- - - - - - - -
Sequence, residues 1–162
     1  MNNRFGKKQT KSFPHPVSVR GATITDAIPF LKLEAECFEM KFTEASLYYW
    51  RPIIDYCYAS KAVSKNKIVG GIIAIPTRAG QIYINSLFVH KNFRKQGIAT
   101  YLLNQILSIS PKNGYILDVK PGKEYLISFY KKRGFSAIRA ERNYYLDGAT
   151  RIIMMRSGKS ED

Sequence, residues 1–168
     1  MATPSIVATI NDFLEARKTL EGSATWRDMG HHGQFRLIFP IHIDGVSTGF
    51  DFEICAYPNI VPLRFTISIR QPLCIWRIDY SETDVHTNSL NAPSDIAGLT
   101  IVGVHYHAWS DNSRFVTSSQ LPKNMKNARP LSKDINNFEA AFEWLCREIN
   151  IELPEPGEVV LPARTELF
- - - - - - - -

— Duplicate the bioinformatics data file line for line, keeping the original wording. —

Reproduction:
Sequence, residues 1–162
     1  MNNRFGKKQT KSFPHPVSVR GATITDAIPF LKLEAECFEM KFTEASLYYW
    51  RPIIDYCYAS KAVSKNKIVG GIIAIPTRAG QIYINSLFVH KNFRKQGIAT
   101  YLLNQILSIS PKNGYILDVK PGKEYLISFY KKRGFSAIRA ERNYYLDGAT
   151  RIIMMRSGKS ED

Sequence, residues 1–168
     1  MATPSIVATI NDFLEARKTL EGSATWRDMG HHGQFRLIFP IHIDGVSTGF
    51  DFEICAYPNI VPLRFTISIR QPLCIWRIDY SETDVHTNSL NAPSDIAGLT
   101  IVGVHYHAWS DNSRFVTSSQ LPKNMKNARP LSKDINNFEA AFEWLCREIN
   151  IELPEPGEVV LPARTELF